Prior wasn't bothered by the assignment, scheduled for Thursday at Fitch Park, or the meeting with Piniella.
"He has meetings with everybody. That's what managers do," Prior said.
Cubs pitching coach Larry Rothschild said it's just a matter of time before Prior gets his mechanics aligned correctly.
"The thing about it right now is that he's done everything," Rothschild said. "He's been able to do the sides, and he's had no problems, and if we keep going like that, he's going to get better and better. You just don't want any setbacks. You don't like to see the performances what they are now, but I think if we can get through some of this and keep him healthy, he'll get better and you won't worry about what happened the first two times out."
In two outings this spring, Prior has given up seven runs on eight hits and five walks over 3 1/3 innings, and has not struck out a batter.
"No one gets to this level unless you expect a level of performance out of yourself," Prior said. "Everybody does that. Whether it's Spring Training or not, you don't like to give up runs. Granted, it doesn't go on your record or the back of your baseball card, but you still expect a level of performance."
The problem isn't his arm, it's his mechanics.
"Things haven't felt as good as I would've hoped to feel," he said. "You just keep working. [The media] are looking for an answer or something to latch onto. I don't have something to give you guys. It's more a feeling, kind of what you know and what you feel. There's nothing I can say to help you guys simplify it or whatever. There's nothing I can put into words, I guess. It's something you know and you feel. You know what you've got to do and you know where you've got to be."
The good news is that it's March 11, and Piniella reminded Prior that there's plenty of time to make a decision.
"Like I told him, I said, 'Look, you have to get your breaking ball over, you have to incorporate your changeup,'" Piniella said. "I asked him how he felt about last year, and he said he didn't feel good about last year. I said, 'Well, you pitched 44 innings at the big-league level and gave up 46 hits not feeling good about yourself. That's a very fixable situation. If you pitched 44 innings and gave up 80 hits, that's a different situation.' What we're talking about is a question of command."
Prior didn't appear to have full extension on his breaking pitches, Piniella said, but the pitcher wasn't holding back at all.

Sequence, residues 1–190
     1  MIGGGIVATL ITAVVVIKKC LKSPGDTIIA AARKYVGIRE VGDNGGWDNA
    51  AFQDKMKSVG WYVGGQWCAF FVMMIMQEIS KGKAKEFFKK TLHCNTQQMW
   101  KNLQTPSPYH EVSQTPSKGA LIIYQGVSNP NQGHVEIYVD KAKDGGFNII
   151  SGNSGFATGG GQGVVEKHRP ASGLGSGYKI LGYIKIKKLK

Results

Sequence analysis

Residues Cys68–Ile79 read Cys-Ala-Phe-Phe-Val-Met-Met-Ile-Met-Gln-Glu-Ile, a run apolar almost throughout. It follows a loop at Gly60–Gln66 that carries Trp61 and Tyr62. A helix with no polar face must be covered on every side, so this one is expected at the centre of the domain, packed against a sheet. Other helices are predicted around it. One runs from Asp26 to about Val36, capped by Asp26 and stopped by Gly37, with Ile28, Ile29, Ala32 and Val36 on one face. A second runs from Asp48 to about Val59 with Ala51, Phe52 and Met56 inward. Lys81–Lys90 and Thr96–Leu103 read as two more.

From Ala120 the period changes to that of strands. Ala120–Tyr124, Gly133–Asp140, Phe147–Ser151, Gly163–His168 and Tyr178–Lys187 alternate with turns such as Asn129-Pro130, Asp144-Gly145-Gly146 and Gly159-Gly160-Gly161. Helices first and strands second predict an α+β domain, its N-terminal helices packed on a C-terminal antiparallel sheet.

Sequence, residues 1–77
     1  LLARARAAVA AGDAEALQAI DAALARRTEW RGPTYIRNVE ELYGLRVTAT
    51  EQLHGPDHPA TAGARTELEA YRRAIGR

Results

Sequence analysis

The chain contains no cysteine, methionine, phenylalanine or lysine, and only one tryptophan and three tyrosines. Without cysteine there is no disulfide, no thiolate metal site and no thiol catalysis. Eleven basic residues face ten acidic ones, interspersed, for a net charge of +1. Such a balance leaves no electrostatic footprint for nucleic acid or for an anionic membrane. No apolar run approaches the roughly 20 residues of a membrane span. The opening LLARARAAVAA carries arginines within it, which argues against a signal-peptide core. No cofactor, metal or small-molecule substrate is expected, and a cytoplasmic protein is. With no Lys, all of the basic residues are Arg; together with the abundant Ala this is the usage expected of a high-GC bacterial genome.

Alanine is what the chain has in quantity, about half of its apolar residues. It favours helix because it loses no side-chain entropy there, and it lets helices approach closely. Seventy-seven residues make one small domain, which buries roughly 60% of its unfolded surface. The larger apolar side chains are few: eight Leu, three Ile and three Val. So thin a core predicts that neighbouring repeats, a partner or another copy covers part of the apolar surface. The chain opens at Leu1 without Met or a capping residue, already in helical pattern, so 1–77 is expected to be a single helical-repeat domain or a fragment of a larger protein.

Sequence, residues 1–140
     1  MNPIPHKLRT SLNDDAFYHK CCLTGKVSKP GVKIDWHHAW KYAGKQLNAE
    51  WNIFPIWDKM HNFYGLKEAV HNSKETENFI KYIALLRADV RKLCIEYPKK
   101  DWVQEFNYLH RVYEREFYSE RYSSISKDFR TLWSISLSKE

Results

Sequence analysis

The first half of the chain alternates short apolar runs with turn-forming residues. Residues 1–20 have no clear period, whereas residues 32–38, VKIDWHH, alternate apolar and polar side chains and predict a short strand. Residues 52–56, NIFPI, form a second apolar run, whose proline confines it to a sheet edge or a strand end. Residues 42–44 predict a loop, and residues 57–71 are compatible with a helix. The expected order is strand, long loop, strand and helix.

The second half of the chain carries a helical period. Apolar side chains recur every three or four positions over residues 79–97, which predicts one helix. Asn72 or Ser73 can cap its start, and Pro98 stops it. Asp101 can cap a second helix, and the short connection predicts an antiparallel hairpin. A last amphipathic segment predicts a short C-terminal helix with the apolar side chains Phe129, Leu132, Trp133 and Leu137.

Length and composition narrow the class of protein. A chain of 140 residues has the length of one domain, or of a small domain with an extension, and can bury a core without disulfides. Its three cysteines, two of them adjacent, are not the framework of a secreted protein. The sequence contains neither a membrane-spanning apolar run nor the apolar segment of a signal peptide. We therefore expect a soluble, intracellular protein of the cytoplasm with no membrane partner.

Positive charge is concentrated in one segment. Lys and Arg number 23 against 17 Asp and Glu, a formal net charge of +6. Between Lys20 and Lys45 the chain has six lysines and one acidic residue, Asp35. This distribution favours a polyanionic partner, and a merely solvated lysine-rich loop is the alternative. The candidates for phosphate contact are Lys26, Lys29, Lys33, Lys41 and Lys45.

"I think this young man wants to get back to where he was," Piniella said. "Obviously, when you have success, you gain more confidence. He's struggled with success, so his confidence isn't quite where it should be. What do you do? You keep working and don't worry. I told him, 'When you leave the ballpark, forget the worrying. It doesn't do any good. Keep working, and let's get some smaller steps as opposed to trying to make that one big step.'"
Rothschild agreed it's too early to make a decision on whether the right-hander is ready for the regular season. The Cubs have four starters set, and a few pitchers competing for that fifth spot, including Angel Guzman, Wade Miller, Neal Cotts and even Sean Gallagher.
"If Mark goes back to throwing the ball the way we've seen in the past, the decision is fairly easy," Rothschild said.
Prior, whose best season was 2003, when he was 18-6, does feel as if he's made progress.
"I feel like I made some strides in some things, baby steps, nothing grandiose," he said. "Those are things you can build on. It's going to take me some time to get back to throwing the ball effectively. How much time? That's what you work for. You just keep taking little steps and trying to move in the right direction. One outing you feel it, and you're like, 'Darn, let's duplicate that.' That hasn't happened yet.
"You keep tinkering with some things and get to a point so it becomes second nature and it's not like you're fighting it," Prior said. "It's been awhile since it's been second nature, and that's what I'm trying to fight and get back to. Ultimately, it's about results and competing."